One of the biggest problems on our planet at the moment is the 79 million tons of carbon dioxide being released into our atmosphere every day. According to the European Project on Ocean Acidification, one third of all the Co2 that has been released into our atmosphere has been absorbed by the world 's oceans. Without the immense size of our oceans absorbing all this CO2, our atmosphere would suffer from extreme global warming with devastating effects. However, the downside of our oceans absorbing most of the CO2 is that it threatens the health of our oceans and the animals inside it. It all starts off when the CO2 from the atmosphere is dissolved into the oceans.
When CO2 reacts with water molecules, it produces carbonic acid (H2CO3). Hydrogen ions (H+) detach from carbonic acid, leaving bicarbonate molecules (HCO3-) free to float. High amounts of CO2 dissolving in the oceans results in a higher concentration of the free hydrogen ions, reducing the pH of the water and creating a more acidic solution. The chemical equation of carbon dioxide and water is as follows: CO2 + H2O H2CO3 HCO3- + H+ Shelled marine life like oysters, crabs, and shrimp rely on carbonate (CO3-2) present in the water, to bind with calcium ions (CA+2) to form calcium carbonate (CaCO3). The equation is as follows:
Madin begins her article by introducing the new study about how marine organisms’ shells deal with ocean acidification. Ocean acidification is where excess CO2 dissolves in the ocean and
Castello Argonese, a tiny island in the Tyrrhenian Sea gives us an enlightening glimpse of Earth in 2100. Chapter six of the book The Sixth Extinction by Elizabeth Kolbert, is solely devoted to her experience in these waters where the vents on the sea floor bubbled up almost 100% carbon dioxide. She talks about the consequences of constantly burning fossil fuels to add about 365 billion metric tons of carbon into the atmosphere and how it could lead to our own demise. The thing about carbon dioxide is that the moment it interacts with water, it becomes an acid which can be deadly to the animals living in these oceans obviously, but also to organisms above sea which includes humans. Elizabeth Kolbert wants us to understand that our actions have tragic consequences and we too will be part of that tragedy if we don’t stop now.
Coral reefs provide home to a significant number of sea species and coral bleaching causes their habitats to destroy completely and effect the marine life adversely. Thus it is much better to prevent coral bleaching than to accomplish its recovery which may take many
Temperatures that are too high denature the enzyme and halt the enzyme’s activity (2). Catalase denatures starts to denature at fifty five degrees Celsius (2). Reactions in the human body produce hydrogen peroxide as a product (1). Since hydrogen peroxide is poisonous to the human body, catalase catalyzes hydrogen peroxide into water and oxygen (2 H2O2 → 2 H2O + O2) (1). According to the collision theory, a reaction can only occur if particles collide with sufficient energy to overcome the activation energy and with correct geometrical orientation (3).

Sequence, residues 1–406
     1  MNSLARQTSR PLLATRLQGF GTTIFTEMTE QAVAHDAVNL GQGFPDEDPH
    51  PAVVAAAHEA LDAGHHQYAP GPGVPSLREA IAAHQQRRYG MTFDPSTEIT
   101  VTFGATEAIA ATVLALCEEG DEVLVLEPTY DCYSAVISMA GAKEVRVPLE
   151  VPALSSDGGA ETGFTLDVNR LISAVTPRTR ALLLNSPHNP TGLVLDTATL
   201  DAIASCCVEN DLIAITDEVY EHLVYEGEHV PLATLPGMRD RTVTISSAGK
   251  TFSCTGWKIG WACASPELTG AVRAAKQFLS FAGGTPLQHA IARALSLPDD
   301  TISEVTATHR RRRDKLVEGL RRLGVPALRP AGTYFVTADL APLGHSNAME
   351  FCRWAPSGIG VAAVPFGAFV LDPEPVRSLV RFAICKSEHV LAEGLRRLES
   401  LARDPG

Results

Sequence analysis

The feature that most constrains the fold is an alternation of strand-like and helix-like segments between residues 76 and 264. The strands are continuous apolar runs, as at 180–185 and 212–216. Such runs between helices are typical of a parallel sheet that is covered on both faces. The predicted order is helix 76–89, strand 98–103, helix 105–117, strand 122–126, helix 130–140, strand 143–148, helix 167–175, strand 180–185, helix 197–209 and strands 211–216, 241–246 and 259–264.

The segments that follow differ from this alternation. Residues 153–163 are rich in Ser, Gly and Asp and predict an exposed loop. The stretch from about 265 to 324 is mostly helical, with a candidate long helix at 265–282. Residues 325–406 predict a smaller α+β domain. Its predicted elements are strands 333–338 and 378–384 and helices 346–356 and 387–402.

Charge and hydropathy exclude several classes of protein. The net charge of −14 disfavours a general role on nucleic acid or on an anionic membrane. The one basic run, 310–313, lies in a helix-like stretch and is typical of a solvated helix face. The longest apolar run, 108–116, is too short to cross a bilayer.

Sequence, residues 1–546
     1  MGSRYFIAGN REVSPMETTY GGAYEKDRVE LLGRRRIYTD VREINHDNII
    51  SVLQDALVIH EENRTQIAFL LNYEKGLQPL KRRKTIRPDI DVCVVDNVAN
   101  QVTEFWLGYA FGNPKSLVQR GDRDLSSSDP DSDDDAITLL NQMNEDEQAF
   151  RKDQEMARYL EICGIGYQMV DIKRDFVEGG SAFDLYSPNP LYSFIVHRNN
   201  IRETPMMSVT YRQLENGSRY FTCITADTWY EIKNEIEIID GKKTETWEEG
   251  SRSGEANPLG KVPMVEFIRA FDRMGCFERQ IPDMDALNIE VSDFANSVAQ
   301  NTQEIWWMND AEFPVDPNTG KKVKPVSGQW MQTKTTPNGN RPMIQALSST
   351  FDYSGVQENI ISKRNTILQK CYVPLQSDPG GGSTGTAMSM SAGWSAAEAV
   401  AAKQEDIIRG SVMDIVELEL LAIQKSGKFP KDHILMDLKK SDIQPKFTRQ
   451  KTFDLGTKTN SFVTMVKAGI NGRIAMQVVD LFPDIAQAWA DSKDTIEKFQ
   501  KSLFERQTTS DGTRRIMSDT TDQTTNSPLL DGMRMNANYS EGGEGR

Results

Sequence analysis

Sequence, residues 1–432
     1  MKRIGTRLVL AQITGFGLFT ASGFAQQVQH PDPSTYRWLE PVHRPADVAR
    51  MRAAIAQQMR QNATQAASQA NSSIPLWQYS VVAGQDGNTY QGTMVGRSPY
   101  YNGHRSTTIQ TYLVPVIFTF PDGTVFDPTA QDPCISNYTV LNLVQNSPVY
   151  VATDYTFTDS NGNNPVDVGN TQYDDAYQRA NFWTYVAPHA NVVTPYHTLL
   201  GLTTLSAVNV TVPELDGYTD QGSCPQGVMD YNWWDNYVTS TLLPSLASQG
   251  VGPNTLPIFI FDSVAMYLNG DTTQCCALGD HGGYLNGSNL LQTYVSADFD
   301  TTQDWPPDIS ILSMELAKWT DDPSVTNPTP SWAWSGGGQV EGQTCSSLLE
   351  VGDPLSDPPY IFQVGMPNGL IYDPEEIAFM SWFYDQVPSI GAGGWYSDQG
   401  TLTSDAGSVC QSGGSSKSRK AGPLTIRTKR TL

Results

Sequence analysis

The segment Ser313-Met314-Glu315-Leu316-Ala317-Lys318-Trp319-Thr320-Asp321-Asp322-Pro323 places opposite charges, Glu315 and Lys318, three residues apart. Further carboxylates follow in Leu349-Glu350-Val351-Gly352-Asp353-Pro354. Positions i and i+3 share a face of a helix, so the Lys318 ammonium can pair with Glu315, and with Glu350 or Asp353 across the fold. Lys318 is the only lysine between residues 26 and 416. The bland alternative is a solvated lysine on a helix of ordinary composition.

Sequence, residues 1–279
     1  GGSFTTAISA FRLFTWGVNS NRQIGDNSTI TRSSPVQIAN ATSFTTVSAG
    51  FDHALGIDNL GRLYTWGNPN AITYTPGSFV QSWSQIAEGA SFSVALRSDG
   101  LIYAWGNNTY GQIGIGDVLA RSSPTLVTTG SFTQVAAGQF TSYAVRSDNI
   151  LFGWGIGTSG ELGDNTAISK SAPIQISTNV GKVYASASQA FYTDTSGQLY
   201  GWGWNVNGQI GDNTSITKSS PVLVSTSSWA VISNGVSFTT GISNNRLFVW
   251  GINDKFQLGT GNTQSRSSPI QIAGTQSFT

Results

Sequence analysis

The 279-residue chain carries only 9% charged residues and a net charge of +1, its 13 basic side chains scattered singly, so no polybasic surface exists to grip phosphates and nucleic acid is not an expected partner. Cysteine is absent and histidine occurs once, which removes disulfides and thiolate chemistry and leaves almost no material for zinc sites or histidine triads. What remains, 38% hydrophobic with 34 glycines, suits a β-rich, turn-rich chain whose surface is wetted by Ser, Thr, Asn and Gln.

Part of the problem with ocean acidification is human activity. Ever since the industrial revolution commenced, around one third of the carbon dioxide released by human interference has been absorbed by the ocean, which is one of the reasons of the drastic change in climate as well. Without the ocean absorbing carbon dioxide, the carbon dioxide n the atmosphere would be drastically higher, with possibly increasing the levels of climate change.The point of the research is to see how will the pH affect the organisms in the marine ecosystem and does carbonation affect an organism’s mass and form. Many organisms that are part of the marine food chain are going to be affected by ocean acidification due the levels of acidity deteriorating the calcium carbonate within the animal. It turns out
Examples of negative local practices are the usage of poison/explosives and overfishing. Overfishing as the name suggests, is fishing a certain fish to an excess amount, decimating the population. This could put multiple organisms’ populations at risk and populations may possibly go extinct. Another practice that negatively impacts the ocean is the usage of poison and explosives. Obviously, the poison that is used in fishing (mainly cyanide) is harmful for the ocean because it may poison other fish over the years.
by Brett Garling from the Mission Blue Sylvia Earle Alliance, states that factory farming contributes to the sea temperature rising and ocean acidification because the rising of atmospheric temperature is also rising global ocean temperatures, that leads to the widespread of coral bleaching. He says this is a problem because bleaching slows down coral growth which makes them vulnerable to catch a disease, and later leads to large-scale reef die-off(Garling). Also Garling states that a “greater concentration of carbon dioxide in the atmosphere is increasing the acidity of the global ocean,handicapping the extensive roster of marine organisms that build shells or
Contamination with trace metals has become a great concern around the world, especially in developing countries including India (Alagarsamy, 2006). With the rapid industrialization and economic development in coastal region, these metals are to be introduced to aquatic environment (Feng et al., 2004; Romano et al., 2004). Contaminated marine sediments have been recognized as a very important deposit for persistent toxic substances (heavy metals and xenobiotic organic compounds) released into the aquatic environment from various sources. Identification of the natural and anthropogenic sources of heavy metals is an important task in marine pollution research (Esen et al., 2010). Previous studies have shown that human exposure to a high concentration